What was the first game you designed and what was the motivation?
Apart from the simple games I used to program on the Amstrad in BASIC, I would write up my ideas and send them to a company called Elite Systems. Elite Systems was a developer/ publisher based in the Midlands in UK and they made some of my favourite games so naturally I wanted to share my designs with them. This would have been around 1987? I really don’t know what I was expecting, I was just a school kid, but they were nice enough to write back. They were all mainly action games or beat ‘em ups. I wish I had kept those correspondences.
What was the motivation? It was just something I enjoyed doing. I wasn’t asking for anything in return, I certainly wasn’t thinking one day it’d land me a job in design. It was purely for the love. I also applied to Ocean Software when I was 15 for work experience, but sadly it was not successful. I’ve always said when I started my first job at Software Creations playtesting games, I would have paid them for the privilege. A few months later, I started working on Maximum Carnage on the Super Nintendo and Sega Genesis. That was the first commercial game I helped design.
If you could describe Walter Day in one word, what would that word be and why?
He’s an icon. An inspiration and a patron saint of video games. He’s also very generous. When we made #XOXO on the iPhone, I approached Walter on the possibility of him lending his likeness to a character for the game and perhaps record some dialogue for it as well. He agreed without any hesitation and offered his time to do the audio recording. When we finally met in person in 2022, it was at an event and he had his obligations to the organisers, but he still made time for me despite his tiring schedule. Given the number of people he must meet on his travels, he has exceptional memory. He would remember conversations we had on Facebook from years ago. He is a human dynamo of positive energy.
What is your favorite video game past and present and why?
The answer to this question changes every day. Today, I will say Double Dragon and Breath of the Wild.
I’ve had a long history with Double Dragon. Memories include being underaged and denied entry to an arcade. I ended up standing outside peering through a gap to watch my brothers play. I’ve also skipped classes to play the game at the student union bar solely to practice the full nelson move and get good at it.
Double Dragon was the very first arcade PCB I bought when I got into the home arcade hobby but had no means to play it. It’s my favourite genre, the side scrolling beat ‘em up genre. I did an estimation, and I must have completed this game at least 200 times. There have been many dreadful sequels, but I was pleasantly surprised by the recent Nintendo Switch release, Double Dragon Gaiden.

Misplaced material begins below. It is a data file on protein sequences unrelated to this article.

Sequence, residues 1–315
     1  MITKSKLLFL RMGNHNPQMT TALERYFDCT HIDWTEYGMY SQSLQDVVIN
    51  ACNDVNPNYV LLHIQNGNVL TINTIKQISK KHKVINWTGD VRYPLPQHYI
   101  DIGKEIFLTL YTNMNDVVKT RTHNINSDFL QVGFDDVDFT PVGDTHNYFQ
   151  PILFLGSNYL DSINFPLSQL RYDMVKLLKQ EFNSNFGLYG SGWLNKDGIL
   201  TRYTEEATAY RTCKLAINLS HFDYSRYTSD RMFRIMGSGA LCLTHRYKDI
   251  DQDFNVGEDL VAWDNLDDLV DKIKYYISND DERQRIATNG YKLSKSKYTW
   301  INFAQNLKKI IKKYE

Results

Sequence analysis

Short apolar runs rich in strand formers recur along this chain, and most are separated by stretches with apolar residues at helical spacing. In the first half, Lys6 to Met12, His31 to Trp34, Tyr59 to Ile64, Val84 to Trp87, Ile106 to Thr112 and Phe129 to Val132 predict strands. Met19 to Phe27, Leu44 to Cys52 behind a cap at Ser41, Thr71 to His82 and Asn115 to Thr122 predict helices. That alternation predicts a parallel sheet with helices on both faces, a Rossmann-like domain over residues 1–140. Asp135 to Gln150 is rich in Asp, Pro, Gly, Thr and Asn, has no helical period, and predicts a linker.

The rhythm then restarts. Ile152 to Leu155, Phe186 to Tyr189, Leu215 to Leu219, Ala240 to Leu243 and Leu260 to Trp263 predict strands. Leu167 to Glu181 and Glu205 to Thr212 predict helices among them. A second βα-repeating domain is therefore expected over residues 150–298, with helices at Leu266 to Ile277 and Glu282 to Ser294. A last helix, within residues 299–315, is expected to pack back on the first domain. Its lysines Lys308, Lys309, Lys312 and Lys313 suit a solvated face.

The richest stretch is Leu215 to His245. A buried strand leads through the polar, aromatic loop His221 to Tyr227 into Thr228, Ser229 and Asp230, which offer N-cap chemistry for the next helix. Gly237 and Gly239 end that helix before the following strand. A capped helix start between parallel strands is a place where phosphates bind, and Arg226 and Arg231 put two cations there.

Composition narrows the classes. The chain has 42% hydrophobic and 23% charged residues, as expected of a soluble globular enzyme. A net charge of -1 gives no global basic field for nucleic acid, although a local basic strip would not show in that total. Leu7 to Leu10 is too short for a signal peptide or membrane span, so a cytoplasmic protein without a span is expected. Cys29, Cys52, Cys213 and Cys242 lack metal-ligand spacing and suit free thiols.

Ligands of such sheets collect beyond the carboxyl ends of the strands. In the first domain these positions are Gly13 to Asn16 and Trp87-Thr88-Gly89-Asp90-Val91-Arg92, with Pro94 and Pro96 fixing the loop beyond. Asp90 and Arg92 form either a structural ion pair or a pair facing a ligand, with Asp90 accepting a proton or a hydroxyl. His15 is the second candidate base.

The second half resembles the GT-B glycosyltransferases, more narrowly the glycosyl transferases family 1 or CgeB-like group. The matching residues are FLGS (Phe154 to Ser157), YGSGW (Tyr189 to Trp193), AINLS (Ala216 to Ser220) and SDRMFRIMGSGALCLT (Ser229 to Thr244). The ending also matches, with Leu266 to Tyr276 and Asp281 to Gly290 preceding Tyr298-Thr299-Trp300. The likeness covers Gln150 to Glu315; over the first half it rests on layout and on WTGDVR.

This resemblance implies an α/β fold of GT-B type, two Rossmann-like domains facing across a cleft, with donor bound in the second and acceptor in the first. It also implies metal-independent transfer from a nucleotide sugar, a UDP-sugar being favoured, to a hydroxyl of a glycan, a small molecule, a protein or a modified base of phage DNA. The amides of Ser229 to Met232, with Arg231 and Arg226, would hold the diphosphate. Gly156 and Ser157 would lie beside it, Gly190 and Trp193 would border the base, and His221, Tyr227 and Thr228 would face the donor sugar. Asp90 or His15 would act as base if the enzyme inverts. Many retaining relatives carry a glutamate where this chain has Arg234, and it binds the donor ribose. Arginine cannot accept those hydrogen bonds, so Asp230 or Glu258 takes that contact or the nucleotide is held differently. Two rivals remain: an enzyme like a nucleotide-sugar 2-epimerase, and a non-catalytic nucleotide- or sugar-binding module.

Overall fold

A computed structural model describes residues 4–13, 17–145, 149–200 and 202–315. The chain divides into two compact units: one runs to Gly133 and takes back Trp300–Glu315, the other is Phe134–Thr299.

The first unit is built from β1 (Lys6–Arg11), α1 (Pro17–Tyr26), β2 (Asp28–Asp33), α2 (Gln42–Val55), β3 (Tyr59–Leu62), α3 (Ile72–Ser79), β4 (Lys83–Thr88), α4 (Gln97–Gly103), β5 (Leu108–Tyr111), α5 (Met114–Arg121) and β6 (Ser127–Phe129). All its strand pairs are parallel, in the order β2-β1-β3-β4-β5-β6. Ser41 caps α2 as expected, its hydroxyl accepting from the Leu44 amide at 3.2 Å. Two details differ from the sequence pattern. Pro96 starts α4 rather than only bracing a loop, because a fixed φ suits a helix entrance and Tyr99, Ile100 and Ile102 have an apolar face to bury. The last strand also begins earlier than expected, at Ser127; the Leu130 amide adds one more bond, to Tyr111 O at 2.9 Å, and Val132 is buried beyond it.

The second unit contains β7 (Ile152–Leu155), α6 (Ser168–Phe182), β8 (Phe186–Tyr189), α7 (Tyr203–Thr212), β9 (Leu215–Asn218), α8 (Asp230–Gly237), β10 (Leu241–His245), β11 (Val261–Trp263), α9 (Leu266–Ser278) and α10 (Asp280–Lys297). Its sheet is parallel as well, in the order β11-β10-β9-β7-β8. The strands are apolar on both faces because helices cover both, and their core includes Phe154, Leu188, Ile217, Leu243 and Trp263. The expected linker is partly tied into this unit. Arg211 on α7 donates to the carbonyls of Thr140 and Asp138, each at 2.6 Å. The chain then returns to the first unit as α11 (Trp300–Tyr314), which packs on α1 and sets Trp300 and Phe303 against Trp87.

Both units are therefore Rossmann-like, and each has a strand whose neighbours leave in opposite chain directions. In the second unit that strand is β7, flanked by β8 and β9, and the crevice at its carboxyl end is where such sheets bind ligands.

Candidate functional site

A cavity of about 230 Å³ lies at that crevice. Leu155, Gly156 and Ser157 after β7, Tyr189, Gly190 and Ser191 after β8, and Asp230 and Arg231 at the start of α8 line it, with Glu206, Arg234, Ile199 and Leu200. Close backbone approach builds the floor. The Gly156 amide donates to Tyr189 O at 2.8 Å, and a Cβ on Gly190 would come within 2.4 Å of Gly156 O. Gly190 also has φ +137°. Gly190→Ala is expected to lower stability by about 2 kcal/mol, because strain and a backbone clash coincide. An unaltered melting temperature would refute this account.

Before Zelda: Breath of the Wild, for about a decade, I had grown indifferent to new games. I’d be the first to admit I’m just a casual fan of Zelda, but the promotional trailers looked amazing. I don’t think I have been consumed by a game so much since Shenmue on the Dreamcast. I wanted to play it from the moment I woke up. The game had the perfect balance of puzzle solving and action adventure. I was constantly surprised thinking certain aspects of the game were there just to make the game look good only to realise hours later they are integral to the gameplay.
When I put my developer hat on, I can’t help but appreciated it even more knowing how much toll it must have taken to bring these ideas to life, and how many battles the team must have fought to get everyone on side.
What would your design and theme of the perfect video game be and why?
I personally prefer character driven games as opposed to spaceships or something abstract. It would have to be pick up and play, with an universal theme that is easy to understand. No time limits, a pinch of slapstick action, but less reliance on quick reflexes so everyone can play. Colourful and joyous, the game rewards the player’s good skill and smart play with feel good effects. There’ll probably be a visual hook that’s never been done or exploited before.
Are you a fan of the digital media and what makes them better or worse than the standard physical copies of game?
Digital media is a great addition to how gamers can access games, whether it’s by subscription or to buy. Not everyone has access to game shops and mail order or want shelves of game boxes in their house. However, they shouldn’t replace physical media. In an ideal world, every game should be made available on both formats, perhaps at different price points with digital versions being cheaper.
Games need to be archived. There are many games I wish to play but are no longer accessible because either they have been pulled from the eShop by the publisher or the entire server for that system has become obsolete. What a shame that is. I can go and buy a game from 45 years ago for the Atari 2600 on eBay, but I cannot play After Burner: Climax on the PS3 because Sega decided to turn it off.
If you could only own one video game or pinball machine, what would it be and why?
I would love to own the original Out Run deluxe cabinet. I want to say DDR but I’d be too old eventually and pinball machines require too much maintenance. I’m such a practical person. I’d love to play through all 5 courses of Out Run on a deluxe cab, and sway side to side with the motion feedback. When all that’s done, I can just chill to the soundtrack. Have I said Yu Suzuki is my industry hero?